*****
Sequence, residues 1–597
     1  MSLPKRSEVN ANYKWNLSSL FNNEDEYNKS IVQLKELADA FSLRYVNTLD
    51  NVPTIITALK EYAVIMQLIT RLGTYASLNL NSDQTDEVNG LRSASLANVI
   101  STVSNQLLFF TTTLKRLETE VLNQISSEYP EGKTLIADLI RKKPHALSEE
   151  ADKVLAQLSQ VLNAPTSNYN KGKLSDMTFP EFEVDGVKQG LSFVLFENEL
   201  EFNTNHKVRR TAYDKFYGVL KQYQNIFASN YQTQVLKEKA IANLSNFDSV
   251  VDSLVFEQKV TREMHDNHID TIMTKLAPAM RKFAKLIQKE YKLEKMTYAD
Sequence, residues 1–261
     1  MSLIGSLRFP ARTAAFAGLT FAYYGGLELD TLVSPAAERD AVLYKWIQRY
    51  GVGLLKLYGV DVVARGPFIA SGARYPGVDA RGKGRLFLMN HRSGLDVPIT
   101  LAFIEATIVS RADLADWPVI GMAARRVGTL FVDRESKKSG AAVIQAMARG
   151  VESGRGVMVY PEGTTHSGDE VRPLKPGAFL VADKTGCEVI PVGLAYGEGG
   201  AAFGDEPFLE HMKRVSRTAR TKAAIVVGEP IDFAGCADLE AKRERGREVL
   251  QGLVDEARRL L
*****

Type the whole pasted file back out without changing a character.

Sequence, residues 1–597
     1  MSLPKRSEVN ANYKWNLSSL FNNEDEYNKS IVQLKELADA FSLRYVNTLD
    51  NVPTIITALK EYAVIMQLIT RLGTYASLNL NSDQTDEVNG LRSASLANVI
   101  STVSNQLLFF TTTLKRLETE VLNQISSEYP EGKTLIADLI RKKPHALSEE
   151  ADKVLAQLSQ VLNAPTSNYN KGKLSDMTFP EFEVDGVKQG LSFVLFENEL
   201  EFNTNHKVRR TAYDKFYGVL KQYQNIFASN YQTQVLKEKA IANLSNFDSV
   251  VDSLVFEQKV TREMHDNHID TIMTKLAPAM RKFAKLIQKE YKLEKMTYAD
Sequence, residues 1–261
     1  MSLIGSLRFP ARTAAFAGLT FAYYGGLELD TLVSPAAERD AVLYKWIQRY
    51  GVGLLKLYGV DVVARGPFIA SGARYPGVDA RGKGRLFLMN HRSGLDVPIT
   101  LAFIEATIVS RADLADWPVI GMAARRVGTL FVDRESKKSG AAVIQAMARG
   151  VESGRGVMVY PEGTTHSGDE VRPLKPGAFL VADKTGCEVI PVGLAYGEGG
   201  AAFGDEPFLE HMKRVSRTAR TKAAIVVGEP IDFAGCADLE AKRERGREVL
   251  QGLVDEARRL L